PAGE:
In the world of racing, the debate on whether women are as fit as men behind the wheel can often become heated. Just last year, Carmen Jorda, a member of the FIA Women in Motorsport Commission, was criticized for encouraging female drivers to pursue “less physical” racing opportunities.
Many professional racers, including Danica Patrick, took to the media to counter her claim.
A new Michigan State University study, published in the journal Medicine and Science in Sports and Exercise, now has proof that women drivers, even with 10 years less experience, react and respond just as well as their male counterparts on the race track.
The research also puts to rest another controversial aspect of the discussion involving the menstrual cycle. Yup…the dreaded period.
“Heat strain is the primary stressor in racing. Women naturally have an elevated core temperature during a certain phase of their menstrual cycle. The misperception was that they would potentially fatigue faster and become a safety risk to other drivers,” said David Ferguson, an assistant professor who has spent 15 years studying the physiology of race car drivers. “Based on our results, I’m here to say that’s just not true.”
Understanding how the body functions during extreme situations are essential in racing. Even more, understanding natural hormonal fluctuations and how that may affect performance is also important. That’s why Ferguson evaluated female drivers around two phases of their menstrual cycle: the follicular, which spans the first day of a period to ovulation, and the luteal, which begins at ovulation.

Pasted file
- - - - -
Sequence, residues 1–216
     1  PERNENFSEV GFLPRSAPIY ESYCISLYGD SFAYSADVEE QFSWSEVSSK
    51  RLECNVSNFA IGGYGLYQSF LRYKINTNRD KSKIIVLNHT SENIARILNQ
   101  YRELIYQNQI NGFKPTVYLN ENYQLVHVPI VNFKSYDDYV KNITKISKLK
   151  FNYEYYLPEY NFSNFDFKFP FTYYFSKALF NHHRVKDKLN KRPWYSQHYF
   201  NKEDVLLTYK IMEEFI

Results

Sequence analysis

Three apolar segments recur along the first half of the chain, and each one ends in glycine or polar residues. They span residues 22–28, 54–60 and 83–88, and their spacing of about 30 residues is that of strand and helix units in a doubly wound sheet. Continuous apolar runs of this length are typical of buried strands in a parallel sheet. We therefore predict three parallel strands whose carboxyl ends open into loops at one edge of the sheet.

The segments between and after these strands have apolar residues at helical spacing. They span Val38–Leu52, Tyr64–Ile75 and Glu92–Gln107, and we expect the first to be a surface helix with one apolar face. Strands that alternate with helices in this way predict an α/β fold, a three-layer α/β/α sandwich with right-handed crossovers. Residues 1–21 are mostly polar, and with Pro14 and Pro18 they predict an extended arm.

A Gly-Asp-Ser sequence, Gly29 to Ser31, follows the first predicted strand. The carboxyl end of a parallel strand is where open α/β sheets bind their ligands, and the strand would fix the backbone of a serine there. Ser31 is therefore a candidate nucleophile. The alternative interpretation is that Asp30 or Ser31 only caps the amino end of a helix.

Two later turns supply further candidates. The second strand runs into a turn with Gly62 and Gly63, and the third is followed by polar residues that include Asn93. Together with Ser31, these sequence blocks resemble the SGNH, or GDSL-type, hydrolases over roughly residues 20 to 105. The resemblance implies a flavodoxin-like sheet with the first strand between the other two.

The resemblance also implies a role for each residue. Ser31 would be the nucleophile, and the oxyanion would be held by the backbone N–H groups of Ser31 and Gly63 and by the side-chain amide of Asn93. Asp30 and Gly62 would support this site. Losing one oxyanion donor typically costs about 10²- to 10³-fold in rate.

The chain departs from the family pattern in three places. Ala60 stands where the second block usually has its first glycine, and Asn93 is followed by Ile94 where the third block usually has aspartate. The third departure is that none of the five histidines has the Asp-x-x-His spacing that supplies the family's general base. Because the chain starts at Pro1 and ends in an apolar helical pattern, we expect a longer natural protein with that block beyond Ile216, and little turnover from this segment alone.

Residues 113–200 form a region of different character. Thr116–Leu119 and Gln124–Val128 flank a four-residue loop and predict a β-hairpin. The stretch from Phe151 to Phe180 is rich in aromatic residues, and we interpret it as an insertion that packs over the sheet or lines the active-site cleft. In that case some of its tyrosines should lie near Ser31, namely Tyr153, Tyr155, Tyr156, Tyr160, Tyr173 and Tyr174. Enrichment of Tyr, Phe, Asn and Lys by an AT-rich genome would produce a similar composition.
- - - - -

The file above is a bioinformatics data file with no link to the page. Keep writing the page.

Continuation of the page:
During three similar races, Ferguson tracked six male and six, less-experienced female drivers in two classes of the racing, closed and open cockpit. He analyzed heart and breathing rate, core body and skin temperature as well as heat-induced stress, which can lead to heat exhaustion.
“The luteal phase is when women can have higher heart rates, core body temperature and an increase in other physiological factors that are considered markers for fatigue,” Ferguson said. “Yet even during this time, these factors still were no different than what male drivers exhibited.”
Ferguson said that the structure of the car, whether a closed or open cockpit, was more of a factor causing higher physiological stress in both sets of drivers than any hormonal changes.
The study suggests that women, as they continue to get more experience, could become faster, increasing their performance.
“What we’ve shown now is that driving the race car is equally stressful for female and male drivers,” Ferguson said. “But as female drivers keep racing and building endurance, they won’t have to work as hard in the car, and this could potentially give them an edge over men.”